Cutting-edge programs

British Aerospace has saved £1.5m since introducing a comprehensive system for programming high-speed machining centres at its Brough machine shop. Anna Kochan looks at how the cost and efficiency savings have been achieved

According to VNC senior engineer Neil Hathway, the unique thing about British Aerospace’s new programming system at its Brough machine shop, near Hull, is the way it ties together a variety of software. `We have not developed anything special,’ Hathway says. `It is not rocket science. But it does allow you to arrive at a streamlined, structured way of generating machining programs.’

The new programming system, which incorporates toolpath verification, NC program simulation and statistical process control techniques, took BAe 18 months to implement, but has already saved the company £1.5m. Hathway says it has helped avoid 12 or 13 fatal spindle-damaging collisions on Brough’s high-speed machining centres.

`The spindles cost between £12,000 and £13,000 to refurbish,’ he says. `Each major collision causes four days of downtime. This is where costs mount up. As we run the machines 24 hours a day, when one goes down we have to outsource the work at short notice and we get charged astronomical rates.’

The Brough machine shop has six high-speed machining centres – four Matsuuras and two Mazaks – which operate at speeds of up to 12m/min and 20,000 rpm. They are used mainly for making complex, three-axis aluminium alloy parts for aircraft sub-assemblies such as fuselage and wing parts. The parts are machined from solid, typically requiring about 60% of the metal to be removed. Cycle times vary from fifteen minutes to two or three hours.

`The ceramic bearings on high-speed machining spindles are fragile,’ says Hathway. `We don’t just have to avoid collisions but also to avoid a depth of cut which would cause too great a force on the spindle. The programmers have strict guidelines because it is imperative to get it right when we do the actual machining.’

The streamlined Brough programming procedure starts with the solid model CAD description of the part to be machined. This is created on Catia. Next – again using Catia – a `tool path’ is generated for the part and a verification exercise is carried out using CGTech’s VeriCut package. The tool path is then processed to make it specific to the individual machine tool it is going to run on, incorporating all the quirks of the machine’s specific numerical controller. Finally, the program is brought into a quality area where a machining simulation process is performed, using Deneb’s Virtual Numerical Control package. `We are using VNC as a total quality tool, which we think is unique,’ says Hathway.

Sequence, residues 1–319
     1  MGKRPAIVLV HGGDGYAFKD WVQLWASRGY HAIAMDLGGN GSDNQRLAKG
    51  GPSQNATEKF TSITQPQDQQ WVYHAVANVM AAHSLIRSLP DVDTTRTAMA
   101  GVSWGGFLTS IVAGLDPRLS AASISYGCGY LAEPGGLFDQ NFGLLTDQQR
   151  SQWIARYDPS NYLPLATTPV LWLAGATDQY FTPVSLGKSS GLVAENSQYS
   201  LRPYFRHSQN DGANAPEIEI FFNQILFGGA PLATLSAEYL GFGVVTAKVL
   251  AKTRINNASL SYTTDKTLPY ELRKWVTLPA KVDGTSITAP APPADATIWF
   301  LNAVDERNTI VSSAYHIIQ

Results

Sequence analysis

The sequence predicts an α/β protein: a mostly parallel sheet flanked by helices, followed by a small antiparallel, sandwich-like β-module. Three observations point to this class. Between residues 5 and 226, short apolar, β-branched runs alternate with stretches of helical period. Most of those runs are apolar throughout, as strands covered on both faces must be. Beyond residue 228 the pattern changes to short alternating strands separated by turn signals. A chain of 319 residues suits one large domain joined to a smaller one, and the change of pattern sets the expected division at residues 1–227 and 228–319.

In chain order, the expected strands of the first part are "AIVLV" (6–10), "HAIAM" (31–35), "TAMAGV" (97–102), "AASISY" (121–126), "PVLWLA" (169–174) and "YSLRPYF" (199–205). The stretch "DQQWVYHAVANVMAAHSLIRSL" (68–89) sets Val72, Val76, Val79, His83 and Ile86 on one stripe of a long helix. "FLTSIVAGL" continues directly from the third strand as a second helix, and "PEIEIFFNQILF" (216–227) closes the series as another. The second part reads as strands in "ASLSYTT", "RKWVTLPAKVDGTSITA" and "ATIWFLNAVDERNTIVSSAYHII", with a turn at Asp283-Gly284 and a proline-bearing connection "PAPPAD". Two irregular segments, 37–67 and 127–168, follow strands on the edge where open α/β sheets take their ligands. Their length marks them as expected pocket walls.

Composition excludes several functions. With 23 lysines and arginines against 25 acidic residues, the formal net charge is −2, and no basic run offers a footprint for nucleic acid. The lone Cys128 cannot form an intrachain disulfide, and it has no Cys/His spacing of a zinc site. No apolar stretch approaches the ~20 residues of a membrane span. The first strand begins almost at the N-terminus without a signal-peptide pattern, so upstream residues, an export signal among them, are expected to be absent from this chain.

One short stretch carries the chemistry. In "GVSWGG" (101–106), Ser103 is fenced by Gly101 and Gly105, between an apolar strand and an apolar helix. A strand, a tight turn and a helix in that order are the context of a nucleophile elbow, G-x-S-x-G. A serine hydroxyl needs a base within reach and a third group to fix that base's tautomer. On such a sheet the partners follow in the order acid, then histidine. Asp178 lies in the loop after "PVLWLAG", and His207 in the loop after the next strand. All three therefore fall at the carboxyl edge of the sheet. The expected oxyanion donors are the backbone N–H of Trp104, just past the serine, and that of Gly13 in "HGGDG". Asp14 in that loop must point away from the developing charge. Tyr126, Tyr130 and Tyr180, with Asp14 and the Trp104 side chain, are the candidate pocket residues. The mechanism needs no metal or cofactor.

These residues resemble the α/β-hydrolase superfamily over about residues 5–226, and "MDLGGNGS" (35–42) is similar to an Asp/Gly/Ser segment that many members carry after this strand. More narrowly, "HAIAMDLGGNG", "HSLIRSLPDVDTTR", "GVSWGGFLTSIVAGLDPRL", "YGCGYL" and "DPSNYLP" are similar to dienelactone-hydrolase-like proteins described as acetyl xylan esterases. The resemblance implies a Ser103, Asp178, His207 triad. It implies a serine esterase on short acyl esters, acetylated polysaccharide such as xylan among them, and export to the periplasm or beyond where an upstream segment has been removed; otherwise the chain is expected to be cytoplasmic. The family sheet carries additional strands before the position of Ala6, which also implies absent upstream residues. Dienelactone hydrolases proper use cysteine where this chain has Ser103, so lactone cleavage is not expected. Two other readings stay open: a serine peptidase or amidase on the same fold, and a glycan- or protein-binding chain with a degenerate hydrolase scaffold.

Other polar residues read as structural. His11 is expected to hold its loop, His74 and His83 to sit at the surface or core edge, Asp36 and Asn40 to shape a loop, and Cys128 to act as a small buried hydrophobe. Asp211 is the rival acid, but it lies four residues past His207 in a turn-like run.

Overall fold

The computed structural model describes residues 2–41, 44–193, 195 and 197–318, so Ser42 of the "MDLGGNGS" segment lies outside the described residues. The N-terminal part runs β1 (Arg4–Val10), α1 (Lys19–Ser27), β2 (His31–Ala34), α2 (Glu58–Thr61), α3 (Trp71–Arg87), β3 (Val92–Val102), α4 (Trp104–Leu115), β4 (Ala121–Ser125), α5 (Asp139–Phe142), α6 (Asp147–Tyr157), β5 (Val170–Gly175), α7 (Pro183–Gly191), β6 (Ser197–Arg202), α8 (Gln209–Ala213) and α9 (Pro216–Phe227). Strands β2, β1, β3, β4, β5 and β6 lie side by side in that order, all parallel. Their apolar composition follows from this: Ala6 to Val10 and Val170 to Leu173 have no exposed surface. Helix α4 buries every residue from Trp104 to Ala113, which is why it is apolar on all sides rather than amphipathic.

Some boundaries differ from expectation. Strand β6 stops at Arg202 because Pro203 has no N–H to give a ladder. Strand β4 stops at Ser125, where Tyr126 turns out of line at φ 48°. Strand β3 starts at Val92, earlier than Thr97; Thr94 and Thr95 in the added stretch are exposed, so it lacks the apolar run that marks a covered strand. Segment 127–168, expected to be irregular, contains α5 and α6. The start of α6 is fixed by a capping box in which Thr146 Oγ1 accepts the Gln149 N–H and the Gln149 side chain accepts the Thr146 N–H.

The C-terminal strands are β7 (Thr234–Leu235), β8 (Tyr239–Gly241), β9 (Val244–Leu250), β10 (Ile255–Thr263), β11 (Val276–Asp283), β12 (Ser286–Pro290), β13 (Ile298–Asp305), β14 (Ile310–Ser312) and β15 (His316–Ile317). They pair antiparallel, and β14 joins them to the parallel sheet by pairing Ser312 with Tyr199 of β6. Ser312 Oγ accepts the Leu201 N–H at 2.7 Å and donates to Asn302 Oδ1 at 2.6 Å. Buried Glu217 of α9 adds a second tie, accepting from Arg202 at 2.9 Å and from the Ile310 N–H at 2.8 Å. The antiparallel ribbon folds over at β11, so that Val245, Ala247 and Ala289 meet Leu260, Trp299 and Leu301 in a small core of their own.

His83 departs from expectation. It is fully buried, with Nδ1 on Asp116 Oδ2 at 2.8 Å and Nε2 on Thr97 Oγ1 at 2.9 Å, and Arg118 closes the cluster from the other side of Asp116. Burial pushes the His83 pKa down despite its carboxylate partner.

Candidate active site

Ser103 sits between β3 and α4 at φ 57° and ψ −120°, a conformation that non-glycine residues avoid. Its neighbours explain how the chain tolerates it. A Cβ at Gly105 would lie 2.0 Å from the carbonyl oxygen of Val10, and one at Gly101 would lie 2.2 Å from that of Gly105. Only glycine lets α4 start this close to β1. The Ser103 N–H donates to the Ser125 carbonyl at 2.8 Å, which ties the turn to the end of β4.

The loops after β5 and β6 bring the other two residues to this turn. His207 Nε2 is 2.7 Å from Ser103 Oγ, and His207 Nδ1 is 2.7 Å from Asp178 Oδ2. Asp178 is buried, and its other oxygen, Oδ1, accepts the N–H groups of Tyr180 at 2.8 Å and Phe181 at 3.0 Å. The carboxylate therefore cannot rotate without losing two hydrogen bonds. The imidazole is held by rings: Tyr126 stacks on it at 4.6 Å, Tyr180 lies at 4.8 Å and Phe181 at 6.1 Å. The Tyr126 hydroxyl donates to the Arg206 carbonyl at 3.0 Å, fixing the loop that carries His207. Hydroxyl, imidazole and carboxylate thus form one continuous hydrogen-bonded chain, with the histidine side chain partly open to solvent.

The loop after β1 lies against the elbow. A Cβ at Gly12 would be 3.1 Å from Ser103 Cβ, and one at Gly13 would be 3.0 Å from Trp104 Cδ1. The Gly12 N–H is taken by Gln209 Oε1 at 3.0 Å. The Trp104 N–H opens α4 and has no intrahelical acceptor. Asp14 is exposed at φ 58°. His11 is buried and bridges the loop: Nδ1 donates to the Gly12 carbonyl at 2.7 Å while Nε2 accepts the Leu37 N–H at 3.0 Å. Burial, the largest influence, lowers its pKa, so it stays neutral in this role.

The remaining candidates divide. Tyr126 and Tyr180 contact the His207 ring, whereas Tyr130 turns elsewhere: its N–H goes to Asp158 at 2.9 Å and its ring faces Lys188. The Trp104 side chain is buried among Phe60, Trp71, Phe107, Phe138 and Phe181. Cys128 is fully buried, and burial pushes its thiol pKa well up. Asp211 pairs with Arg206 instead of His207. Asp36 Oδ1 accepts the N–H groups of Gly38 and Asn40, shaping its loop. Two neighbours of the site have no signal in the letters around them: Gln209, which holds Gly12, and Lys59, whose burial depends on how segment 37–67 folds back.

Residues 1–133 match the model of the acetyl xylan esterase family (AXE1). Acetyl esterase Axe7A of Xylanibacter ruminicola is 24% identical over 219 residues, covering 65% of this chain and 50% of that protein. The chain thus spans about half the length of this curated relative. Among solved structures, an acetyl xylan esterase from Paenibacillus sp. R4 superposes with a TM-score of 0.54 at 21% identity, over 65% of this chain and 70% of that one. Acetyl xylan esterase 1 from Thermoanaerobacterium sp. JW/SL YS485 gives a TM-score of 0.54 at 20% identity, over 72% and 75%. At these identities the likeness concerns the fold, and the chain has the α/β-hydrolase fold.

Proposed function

Brough now has four Deneb seats running the VNC software on Octane workstations from Silicon Graphics. `They are used to guarantee the quality of the program to the shopfloor,’ says Hathway. `VNC’s total machine simulation mirrors the functions of the machine controller. Theoretically, it could replicate the entire operation of the machine. It also verifies the workpiece setup, the origin, where the operator locates the metal billet, the fixturing of the part and the tooling.’

Hathway adds: `We used to have a specific set of fixtures for each job, which could cost more than £1,000 each. Now, 90% of the parts will go onto a modular fixture and any part can be run on any of the machines.’

Once the program has been loaded onto the machine tool and the metal cutting has taken place, the machined part is inspected on a computer-controlled co-ordinate-measuring machine. Further machining is often needed to adjust a part’s final dimensions and finish.

The new system has improved programming efficiency. `In the past, a job would often go through four, five or six iterations before it could be approved,’ says Hathway. Sometimes the number of iterations would run into double figures, whereas now, the average is 1.4, he adds.

Statistical process control (SPC) is used to record and find the sources of errors, and eliminate them. `We measure key characteristics and look for trends,’ Hathway says. `Collision is the obvious error to eliminate because it is very costly.’

`SPC has enabled us to improve the percentage of right-first-time programs from 32% to 70% over the past 18 months,’ Hathway claims. `It demonstrated that what we were doing was worthwhile and we should continue with it.’ It has also helped to identify training needs.